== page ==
Cutscenes are Hurting the Campaign in Modern Warfare 3

No daring and no winning

Price Cutscene in MW3
Screenshot by Prima Games.

Don’t be fooled by the incredibly high graphical fidelity of Captain Price’s iconic whiskers within the Modern Warfare 3 campaign cutscenes. Don’t let General Shepherd’s realistically glistening bald head trick you into believing that no other Call of Duty game has looked as good.

Sure, the cutscenes in the Modern Warfare 3 campaign do look phenomenal in a pure “realism” sense. But they lack direction, style, and worst of all, they are used as a placeholder for proper storytelling. The MW3 campaign is taking a major narrative hit because of the cutscenes, and they need to be changed in the future.

Call of Duty Has Always Been About Storytelling Through Gameplay

Action has always happened through your own eyes. If you don’t remember the original Modern Warfare games or you haven’t played them, I implore you to watch some old clips. Nearly all of the storytelling happened to you. Each character you took hold of witnessed the story in real time. If a missile takes out a city and is shortly invaded after, we don’t get a cutscene that debriefs us with Laswell and Price staring at each other. No, instead, we used to watch buildings fall on top of us as our squad struggled to escape and keep the invasion at bay.

Price Modern Warfare 3
Screenshot by Prima Games.

We all remember the infamous “No Russian” mission. That would cross every line today, but the sentiment was there. The player doesn’t need to be told about what happened, they should play it and find out. Of course, some missions were set up with a quick briefing to explain how the mission would go. That wasn’t the norm, though. Even meaningful conversations would happen as characters were looking at you as if you were part of the action.

If Black Ops were to be released today, all the times that Mason sees Reznov would be done in a cutscene. There would be no in-game hallucinations or incredible set pieces to sell the narrative. Now, the cutscenes serve to make you believe there is a worthwhile narrative at all.

Cutscenes Only Serve as a Bandaid to the Lack of Storytelling in Modern Warfare 3

Half of the Modern Warfare 3 campaign, if not more, is Open Combat Missions. Players are dropped into an area and allowed to tackle the mission however they want. Freedom is always better, right? No, it just frees you up to come up with the story yourself like you’re playing with action figures again.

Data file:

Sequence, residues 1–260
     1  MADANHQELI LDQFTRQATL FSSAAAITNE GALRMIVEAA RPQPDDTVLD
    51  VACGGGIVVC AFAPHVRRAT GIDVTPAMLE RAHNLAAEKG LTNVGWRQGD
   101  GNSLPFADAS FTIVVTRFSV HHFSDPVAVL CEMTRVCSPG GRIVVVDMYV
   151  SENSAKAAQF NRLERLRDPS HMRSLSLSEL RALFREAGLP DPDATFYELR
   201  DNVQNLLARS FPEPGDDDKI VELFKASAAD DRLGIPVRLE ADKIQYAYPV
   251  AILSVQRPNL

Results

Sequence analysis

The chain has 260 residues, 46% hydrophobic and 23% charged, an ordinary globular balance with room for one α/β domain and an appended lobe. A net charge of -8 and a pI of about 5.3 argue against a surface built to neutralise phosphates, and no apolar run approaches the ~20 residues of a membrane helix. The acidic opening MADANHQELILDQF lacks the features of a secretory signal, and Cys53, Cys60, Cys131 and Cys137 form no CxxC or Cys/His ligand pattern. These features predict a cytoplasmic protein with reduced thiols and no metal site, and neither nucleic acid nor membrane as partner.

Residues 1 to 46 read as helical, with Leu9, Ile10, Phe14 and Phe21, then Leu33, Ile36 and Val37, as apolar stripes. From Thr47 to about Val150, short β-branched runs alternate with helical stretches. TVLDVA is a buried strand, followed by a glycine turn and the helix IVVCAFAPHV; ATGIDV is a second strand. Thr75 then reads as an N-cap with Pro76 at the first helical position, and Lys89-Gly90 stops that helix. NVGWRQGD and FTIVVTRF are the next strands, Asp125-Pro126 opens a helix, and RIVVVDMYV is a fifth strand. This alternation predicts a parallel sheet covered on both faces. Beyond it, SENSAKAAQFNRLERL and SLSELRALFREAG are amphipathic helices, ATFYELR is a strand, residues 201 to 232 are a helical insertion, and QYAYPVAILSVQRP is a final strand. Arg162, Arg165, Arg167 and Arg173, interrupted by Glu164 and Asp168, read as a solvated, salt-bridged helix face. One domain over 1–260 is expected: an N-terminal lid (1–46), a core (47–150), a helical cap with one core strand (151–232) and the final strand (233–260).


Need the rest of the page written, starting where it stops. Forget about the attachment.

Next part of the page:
Shepherd MW3
Screenshot by Prima Games.

Story beats are few and far between when you run the Open Combat Missions. They are essentially Spec Ops or DMZ objectives with no meaning or set pieces. Nothing special or incredible happens. So, how is the narrative told in a game where the objectives are essentially placeholders? Nearly every time it’s Task Force 141 speaking to Laswell at a table. When Makarov sets off some of the missiles in Urzikstan, we even get a video call with Shepherd to make things interesting,

The campaign consists of running to pointless objectives with next to no design and then they are tied together with these cutscenes. Trust me, searching for five phones around the map and killing small amounts of AI was important; you, just need to watch Farah have a conversation after.

I won’t spoil it, but the end of MW3 might be the most anticlimactic ending I’ve seen in a Call of Duty campaign. Just like all the other missions, the entire emotional load is supposed to be built up through cutscenes, and even the ending is glued together with more scenes. They need to be taken out entirely. Bring back those emotional instances with well-thought-out “scenes” that use your character’s eyes as the camera. Bring us back to the action that made COD campaigns the on-rails action thrillers of the games industry.

If you decide to jump into the story yourself, check out the full list of missions and rewards from the Modern Warfare 3 campaign.

About the Author

Daniel Wenerowicz

Dan has been writing gaming guides, news, and features for three years after graduating with a BA in writing . You can find him covering Call of Duty for eternity, action-adventure games, and nearly any other major release.